Jack received the New England Press Association award for investigative reporting for a series on unused properties owned by the Catholic Archdiocese of Boston, and shared the association's award for business for his reporting on the sale of the Boston Red Sox. As the Ledger editorial page editor, he won second place in 2007 for editorial writing from the Inland Press Association, the nation's oldest national journalism association of nearly 900 newspapers as members.

At CommonWealth, Jack and editor Bruce Mohl won first place for In-Depth Reporting from the Association of Capitol Reporters and Editors for a look at special education funding in Massachusetts. The same organization also awarded first place to a unique collaboration between WFXT-TV (FOX25) and CommonWealth for a series of stories on the Boston Redevelopment Authority and city employees getting affordable housing units, written by Jack and Bruce.

About Jack Sullivan

Jack Sullivan is now retired. A veteran of the Boston newspaper scene for nearly three decades. Prior to joining CommonWealth, he was editorial page editor of The Patriot Ledger in Quincy, a part of the GateHouse Media chain. Prior to that he was news editor at another GateHouse paper, The Enterprise of Brockton, and also was city edition editor at the Ledger. Jack was an investigative and enterprise reporter and executive city editor at the Boston Herald and a reporter at The Boston Globe.

He has reported stories such as the federal investigation into the Teamsters, the workings of the Yawkey Trust and sale of the Red Sox, organized crime, the church sex abuse scandal and the September 11 terrorist attacks. He has covered the State House, state and local politics, K-16 education, courts, crime, and general assignment.

Jack received the New England Press Association award for investigative reporting for a series on unused properties owned by the Catholic Archdiocese of Boston, and shared the association's award for business for his reporting on the sale of the Boston Red Sox. As the Ledger editorial page editor, he won second place in 2007 for editorial writing from the Inland Press Association, the nation's oldest national journalism association of nearly 900 newspapers as members.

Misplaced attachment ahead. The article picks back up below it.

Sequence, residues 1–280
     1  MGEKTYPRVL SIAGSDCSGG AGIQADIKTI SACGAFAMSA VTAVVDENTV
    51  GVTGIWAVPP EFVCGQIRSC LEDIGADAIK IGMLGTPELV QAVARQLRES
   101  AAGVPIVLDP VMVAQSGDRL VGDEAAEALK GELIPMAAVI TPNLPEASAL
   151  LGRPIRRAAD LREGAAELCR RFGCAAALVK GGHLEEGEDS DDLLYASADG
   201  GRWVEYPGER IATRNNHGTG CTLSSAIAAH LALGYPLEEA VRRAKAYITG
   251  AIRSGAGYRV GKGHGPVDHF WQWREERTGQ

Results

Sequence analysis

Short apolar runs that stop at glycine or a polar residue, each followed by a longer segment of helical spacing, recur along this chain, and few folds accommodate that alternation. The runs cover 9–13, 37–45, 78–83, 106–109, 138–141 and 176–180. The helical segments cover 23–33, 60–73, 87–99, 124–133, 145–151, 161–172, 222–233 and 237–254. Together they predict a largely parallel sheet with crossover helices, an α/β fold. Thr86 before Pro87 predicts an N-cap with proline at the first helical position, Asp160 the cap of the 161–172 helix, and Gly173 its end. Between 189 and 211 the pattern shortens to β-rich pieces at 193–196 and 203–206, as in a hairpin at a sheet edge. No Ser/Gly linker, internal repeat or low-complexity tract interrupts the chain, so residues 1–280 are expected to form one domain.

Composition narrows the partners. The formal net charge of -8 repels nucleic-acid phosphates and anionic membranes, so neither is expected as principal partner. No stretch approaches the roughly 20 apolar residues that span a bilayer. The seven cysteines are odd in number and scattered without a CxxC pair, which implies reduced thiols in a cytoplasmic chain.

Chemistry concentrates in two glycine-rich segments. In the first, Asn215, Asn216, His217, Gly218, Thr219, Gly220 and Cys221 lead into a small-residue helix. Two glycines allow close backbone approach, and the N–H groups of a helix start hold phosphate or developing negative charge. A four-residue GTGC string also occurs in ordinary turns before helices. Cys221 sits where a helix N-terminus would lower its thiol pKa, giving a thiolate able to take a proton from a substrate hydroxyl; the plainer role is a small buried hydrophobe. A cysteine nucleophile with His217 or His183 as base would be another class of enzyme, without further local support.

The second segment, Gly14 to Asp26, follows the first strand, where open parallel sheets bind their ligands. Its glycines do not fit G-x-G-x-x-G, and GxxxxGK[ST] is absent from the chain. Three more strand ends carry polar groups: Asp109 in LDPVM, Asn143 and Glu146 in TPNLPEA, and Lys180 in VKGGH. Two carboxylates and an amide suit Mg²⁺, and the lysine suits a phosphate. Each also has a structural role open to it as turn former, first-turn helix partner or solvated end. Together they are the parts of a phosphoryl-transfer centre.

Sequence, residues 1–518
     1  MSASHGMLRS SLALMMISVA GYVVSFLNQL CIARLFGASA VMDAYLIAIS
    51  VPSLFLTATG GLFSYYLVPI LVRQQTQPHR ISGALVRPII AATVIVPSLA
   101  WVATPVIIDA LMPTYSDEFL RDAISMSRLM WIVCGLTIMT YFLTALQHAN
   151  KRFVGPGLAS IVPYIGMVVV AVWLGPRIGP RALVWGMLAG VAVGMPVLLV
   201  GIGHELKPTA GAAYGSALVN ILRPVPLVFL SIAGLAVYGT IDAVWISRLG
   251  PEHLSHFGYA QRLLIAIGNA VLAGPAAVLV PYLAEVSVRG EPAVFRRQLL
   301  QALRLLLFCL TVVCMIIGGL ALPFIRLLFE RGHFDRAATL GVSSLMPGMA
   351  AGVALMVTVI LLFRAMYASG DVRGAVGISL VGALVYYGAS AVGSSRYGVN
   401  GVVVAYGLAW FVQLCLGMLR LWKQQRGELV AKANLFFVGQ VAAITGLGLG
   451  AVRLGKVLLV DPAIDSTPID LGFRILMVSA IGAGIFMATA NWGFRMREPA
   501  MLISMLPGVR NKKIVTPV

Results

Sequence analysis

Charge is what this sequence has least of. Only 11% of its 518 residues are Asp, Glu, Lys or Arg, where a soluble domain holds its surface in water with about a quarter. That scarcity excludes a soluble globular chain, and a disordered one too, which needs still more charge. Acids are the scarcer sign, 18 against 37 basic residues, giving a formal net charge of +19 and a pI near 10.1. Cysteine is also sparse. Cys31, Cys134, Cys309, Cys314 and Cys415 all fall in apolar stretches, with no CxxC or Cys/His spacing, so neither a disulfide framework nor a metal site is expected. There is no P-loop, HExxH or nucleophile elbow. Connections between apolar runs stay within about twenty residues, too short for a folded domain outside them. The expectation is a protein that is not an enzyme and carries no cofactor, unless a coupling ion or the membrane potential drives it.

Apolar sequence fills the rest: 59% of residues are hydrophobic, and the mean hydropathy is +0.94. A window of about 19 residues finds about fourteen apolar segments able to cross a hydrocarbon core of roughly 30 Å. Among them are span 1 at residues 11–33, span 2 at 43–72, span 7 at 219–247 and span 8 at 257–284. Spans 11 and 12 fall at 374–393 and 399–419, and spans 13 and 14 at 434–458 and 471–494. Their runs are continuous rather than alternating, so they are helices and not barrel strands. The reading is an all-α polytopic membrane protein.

At CommonWealth, Jack and editor Bruce Mohl won first place for In-Depth Reporting from the Association of Capitol Reporters and Editors for a look at special education funding in Massachusetts. The same organization also awarded first place to a unique collaboration between WFXT-TV (FOX25) and CommonWealth for a series of stories on the Boston Redevelopment Authority and city employees getting affordable housing units, written by Jack and Bruce.

Paul McMorrow , one of our colleagues here at CommonWealth and also a once-a-week columnist for the Boston Globe, is leaving to join the Baker administration to work for Jay Ash, the secretary of housing and economic development.

Beth Purdue , who began as an editorial assistant in the New Bedford Standard Times newsroom 14 years ago, has been named editor of the paper to replace Bob Unger, who stepped down in an attempt to save some reporting and editing jobs.